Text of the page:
[Essex St. Fair, part of Salem Heritage Days]
Continuing my last post on a car-free or at least car-neutral Salem, there's an interesting site called WalkScore.com. Plug in an address and it will mine Google Maps and give you a score that corresponds to the "walkability" of that location; in other words, the number of stores, restaurants, parks, libraries, schools, municipal offices and other amenities in walking distance.
The Walk Score for my home is 92. That's very good. The scoring system is limited by the information in Google Maps and the accuracy of its address database and by the distance measurement, which is as-the-crow-flies rather than walking distance, but the site is reasonably accurate for Salem, which doesn't have very many cul-de-sacs.
Walkscore, of course, cannot evaluate any of its listings on the variety of shops or the income level of any of their shoppers; I've complained before about the shops in downtown mostly catering to either the affluent or the tourist, neither category of which I fit in.
Still, as bustling as downtown is becoming, I remember when it was much better. If Walkscore had been in existence in 1970, it would have scored my downtown well over 100. There were many, many, many stores and establishments in downtown Salem. At one point it was the retail capital of the North Shore.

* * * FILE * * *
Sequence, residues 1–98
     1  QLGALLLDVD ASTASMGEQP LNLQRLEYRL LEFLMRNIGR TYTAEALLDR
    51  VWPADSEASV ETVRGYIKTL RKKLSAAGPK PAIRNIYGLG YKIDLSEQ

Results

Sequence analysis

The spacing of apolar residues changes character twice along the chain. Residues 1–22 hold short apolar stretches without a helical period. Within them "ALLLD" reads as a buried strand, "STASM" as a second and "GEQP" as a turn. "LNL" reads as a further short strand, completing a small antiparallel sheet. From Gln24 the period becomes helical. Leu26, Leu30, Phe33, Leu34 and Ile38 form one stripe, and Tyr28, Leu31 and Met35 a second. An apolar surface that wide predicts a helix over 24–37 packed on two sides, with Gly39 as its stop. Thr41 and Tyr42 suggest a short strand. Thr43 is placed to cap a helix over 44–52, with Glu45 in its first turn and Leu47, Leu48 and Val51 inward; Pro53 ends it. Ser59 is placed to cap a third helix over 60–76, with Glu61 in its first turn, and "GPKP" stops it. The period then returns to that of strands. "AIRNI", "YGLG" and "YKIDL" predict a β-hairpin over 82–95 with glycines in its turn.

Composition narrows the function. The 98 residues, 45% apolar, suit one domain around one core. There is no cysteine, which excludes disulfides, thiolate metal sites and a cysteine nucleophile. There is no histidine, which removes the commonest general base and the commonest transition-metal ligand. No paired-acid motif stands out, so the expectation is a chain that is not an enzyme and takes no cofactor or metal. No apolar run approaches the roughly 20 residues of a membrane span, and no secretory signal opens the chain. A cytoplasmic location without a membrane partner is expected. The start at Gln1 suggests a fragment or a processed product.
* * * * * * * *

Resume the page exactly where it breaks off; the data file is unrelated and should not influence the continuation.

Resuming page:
This is a part of Salem's history that is often willfully ignored. It doesn't have the property-values snob appeal of Nathaniel Hawthorne's era, but Salem's retail history is a proud one that I was fortunate to grow up in.
And I miss it terribly.
People have told me, "oh, you can't have those days back again!" Why not? The downtown of that era had everything! It was a time when Salem was a great working-class town for all, not merely the 18th-century-historic-themepark crowd that inhabit the city today.
I'll bet if Nathaniel Hawthorne had shopped at the old Almy's, that the store would have been preserved intact with its original use, instead of being torn down for condos in 1984.
P.S. Kirk Westphal produced a great video as part of his master's thesis, Insights into a Lively Downtown. This 19-minute documentary about Ann Arbor's downtown is very applicable to Salem.